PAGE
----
Livy was a great admirer of the republican statesman and orator Cicero (106–43 BC), for his prose style in particular. Although Cicero never wrote history himself, beyond the sketch of early Rome in his philosophical work On the Republic, he still argued that history should be written by orators, both for the good of orators, who needed historical examples for their speeches, and for the good of history, which deserved to be written well. Stylistically, Cicero was advocating, no doubt, his own favoured brand of Latin, flowing, reassuring, encouraging, architectural, far removed from the unsettling ferocity of other writers of the period, such as Sallust and, it seems, Pollio, and from the terse, unemotional, logical Latin of men like Brutus. On the other hand, Livy’s Latin is not as formal as Cicero’s. He prefers gentle irony to Cicero’s barbed wit. He is not afraid to use vocabulary that Cicero would have avoided and adopts different registers for different occasions, from the very plain Latin he uses for election results and other public notices, to the highly ornate and impassioned language found in the key episodes and many of his speeches.
Not long before Livy, it may have been the usual practice for historians writing in Latin (unlike Greek) to report people’s words indirectly. Cato said that Minucius Thermus was a liar and a cheat—that is indirect speech. Cato said, “Minucius Thermus, you are a liar and a cheat”—that is direct speech (though Classical Latin did not use quotation marks). Pompeius Trogus, another Augustan historian, therefore criticized Livy and Sallust for including direct speech in their histories at all. Although Livy quite often writes lengthy passages of indirect speech featuring a good deal of rhetorical sophistication, nevertheless direct speech is naturally better at conveying the character of the speaker and he uses its possibilities to the fullest. His speeches were, in fact, later published separately in compendium editions. They often occur in pairs, giving both sides of a debate; the first one will look unanswerable, but Livy, switching sides, will find a way to answer it. Speeches were a way for all historians to clarify issues, feelings, and characters at a particular moment, to add variety to a narrative and to demonstrate their erudition. Thus most of the speeches in Livy have little claim to historical accuracy.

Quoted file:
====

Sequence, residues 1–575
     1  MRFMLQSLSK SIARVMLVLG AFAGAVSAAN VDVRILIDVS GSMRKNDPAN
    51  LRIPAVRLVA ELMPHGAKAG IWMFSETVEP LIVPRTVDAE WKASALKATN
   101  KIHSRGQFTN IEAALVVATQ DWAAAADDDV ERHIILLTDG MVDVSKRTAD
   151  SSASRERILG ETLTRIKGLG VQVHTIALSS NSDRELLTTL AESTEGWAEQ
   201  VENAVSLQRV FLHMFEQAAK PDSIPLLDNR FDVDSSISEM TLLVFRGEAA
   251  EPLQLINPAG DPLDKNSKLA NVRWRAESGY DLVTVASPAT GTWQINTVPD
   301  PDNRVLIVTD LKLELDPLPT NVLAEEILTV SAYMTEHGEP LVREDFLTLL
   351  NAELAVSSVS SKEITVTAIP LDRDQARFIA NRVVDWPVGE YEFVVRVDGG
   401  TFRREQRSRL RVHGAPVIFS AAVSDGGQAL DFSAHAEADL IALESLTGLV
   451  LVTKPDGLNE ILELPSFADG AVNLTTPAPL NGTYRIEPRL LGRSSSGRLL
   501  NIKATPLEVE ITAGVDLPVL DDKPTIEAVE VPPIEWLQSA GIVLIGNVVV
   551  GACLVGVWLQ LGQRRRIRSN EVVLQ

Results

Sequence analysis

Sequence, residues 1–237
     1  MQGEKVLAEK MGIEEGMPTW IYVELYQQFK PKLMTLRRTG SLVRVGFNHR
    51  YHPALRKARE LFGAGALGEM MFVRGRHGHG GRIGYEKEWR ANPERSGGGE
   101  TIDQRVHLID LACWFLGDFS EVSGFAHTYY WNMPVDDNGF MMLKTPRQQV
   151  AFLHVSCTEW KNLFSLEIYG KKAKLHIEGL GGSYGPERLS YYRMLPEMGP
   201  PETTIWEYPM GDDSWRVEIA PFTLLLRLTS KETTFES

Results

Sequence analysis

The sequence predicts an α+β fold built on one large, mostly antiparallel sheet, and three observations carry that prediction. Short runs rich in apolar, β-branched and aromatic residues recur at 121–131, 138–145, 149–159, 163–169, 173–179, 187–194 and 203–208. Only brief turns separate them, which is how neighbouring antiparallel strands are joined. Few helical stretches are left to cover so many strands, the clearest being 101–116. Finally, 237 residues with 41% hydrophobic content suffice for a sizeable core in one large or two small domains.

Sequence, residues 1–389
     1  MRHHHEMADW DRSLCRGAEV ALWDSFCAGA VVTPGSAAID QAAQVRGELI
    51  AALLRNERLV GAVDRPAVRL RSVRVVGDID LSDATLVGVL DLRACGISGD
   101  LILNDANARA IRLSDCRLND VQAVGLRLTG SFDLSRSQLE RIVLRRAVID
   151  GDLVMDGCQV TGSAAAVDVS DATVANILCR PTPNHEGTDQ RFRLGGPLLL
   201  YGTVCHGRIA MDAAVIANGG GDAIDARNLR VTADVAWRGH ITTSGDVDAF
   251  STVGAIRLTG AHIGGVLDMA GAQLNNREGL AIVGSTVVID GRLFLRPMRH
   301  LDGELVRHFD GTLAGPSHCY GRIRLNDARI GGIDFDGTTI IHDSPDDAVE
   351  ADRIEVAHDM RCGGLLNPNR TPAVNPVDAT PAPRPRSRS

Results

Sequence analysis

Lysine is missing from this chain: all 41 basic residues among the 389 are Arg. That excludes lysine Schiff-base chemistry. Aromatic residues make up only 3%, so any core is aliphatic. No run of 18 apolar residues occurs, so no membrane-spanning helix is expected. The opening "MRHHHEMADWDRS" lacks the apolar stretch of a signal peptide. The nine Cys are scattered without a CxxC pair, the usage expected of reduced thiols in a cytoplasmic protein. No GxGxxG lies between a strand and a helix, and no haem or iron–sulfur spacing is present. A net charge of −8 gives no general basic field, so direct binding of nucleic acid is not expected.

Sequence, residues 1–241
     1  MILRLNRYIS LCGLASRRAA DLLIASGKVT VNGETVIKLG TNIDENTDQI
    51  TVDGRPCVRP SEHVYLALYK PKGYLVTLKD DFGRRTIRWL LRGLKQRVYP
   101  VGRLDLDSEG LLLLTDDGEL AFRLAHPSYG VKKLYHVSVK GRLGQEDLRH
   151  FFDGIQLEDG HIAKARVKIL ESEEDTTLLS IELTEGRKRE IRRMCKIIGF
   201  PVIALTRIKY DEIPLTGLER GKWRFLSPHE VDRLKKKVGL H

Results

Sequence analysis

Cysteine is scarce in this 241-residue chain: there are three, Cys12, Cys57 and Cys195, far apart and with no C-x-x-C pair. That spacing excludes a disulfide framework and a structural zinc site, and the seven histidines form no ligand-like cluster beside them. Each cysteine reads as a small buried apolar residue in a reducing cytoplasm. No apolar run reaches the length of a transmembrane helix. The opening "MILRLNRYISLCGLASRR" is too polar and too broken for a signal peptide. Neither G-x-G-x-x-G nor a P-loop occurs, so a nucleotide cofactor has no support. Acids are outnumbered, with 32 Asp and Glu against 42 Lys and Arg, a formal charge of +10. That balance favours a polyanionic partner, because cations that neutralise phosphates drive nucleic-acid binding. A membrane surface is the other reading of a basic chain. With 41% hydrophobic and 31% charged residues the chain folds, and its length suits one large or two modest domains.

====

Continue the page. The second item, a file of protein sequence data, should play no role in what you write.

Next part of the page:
With regard to the sources of information used by Livy, there are two questions to consider. First, by identifying where Livy got his information, we gain some insight to determine how reliable Livy can be expected to be. Second, there is the question of how far other ancient evidence and modern archaeology can be used to gauge how reliable Livy actually is.
Within a year or two of Livy’s finishing his first books, Virgil published the Aeneid, describing the adventures of the refugees from the Trojan War who became the mythical ancestors of the Roman race. The period covered in Livy’s books one through five, as well as being irretrievably bound up with myth, was in any event of considerable antiquity and obscurity by Livy’s own day. He deals with the mythical origins of Rome (the Trojans settle in the Patavium area first) and the time of the kings in book one. Thus, approximately one third of the total timeframe of the Ab Urbe Condita is dealt with in just 0.7% of the work’s total length. By comparison, Livy’s contemporary Dionysius of Halicarnassus, who wrote in Greek, and who probably used much the same sources as Livy, took four books to reach the overthrow of the kings. Thus Livy can at least be said to have cut down the mythological elements of early Roman history to a minimum.
Livy tells us which sources he is using more often than many ancient Greek or Roman historians. He occasionally gives us a clue as to how he judges between one literary source and another, on the basis of the reputation of the writer, for instance, or the agreement of a majority of his sources, or even of probability. Although documents, visible building remains, and other tangible evidence going back to at least the sixth century BC were all available in Livy’s Rome, and although Livy certainly makes frequent references to Roman landmarks and buildings, most of Livy’s sources must have been literary. Examples of these include Fabius Pictor, a senator of the late third century BC, who wrote a history in Greek; Quintus Ennius (239–169 BC), who wrote an epic poem on Roman history; Polybius (210–131 BC), who included some useful material on early Rome in his Greek history of his own times; and Cato the Censor (234–148 BC), who wrote a seven-book history of Rome called the Origines. Cato was the first Roman to write history in Latin prose: Pictor was the first Roman to write history of any sort. Greek literature was many centuries older than Roman, but the Greek historians did not really become interested in Roman history until Rome was powerful enough to be noticed by them, that is, not until the fourth or third centuries BC, though sometimes histories of other cities which Livy also mentions can be used to provide parallel dating evidence. Also important to Livy’s narrative are the so-called “annalists,” a term which is now used mainly to refer to writers of the late second and early first centuries BC who arranged their material in a year-by-year format. The term is also often used negatively nowadays; the annalists’ accuracy and methods do not always compare well with Greek historians and Cicero associated them with a plain and unappealing prose style. However, the annalistic tradition for early Rome must go back at least in part to original documents.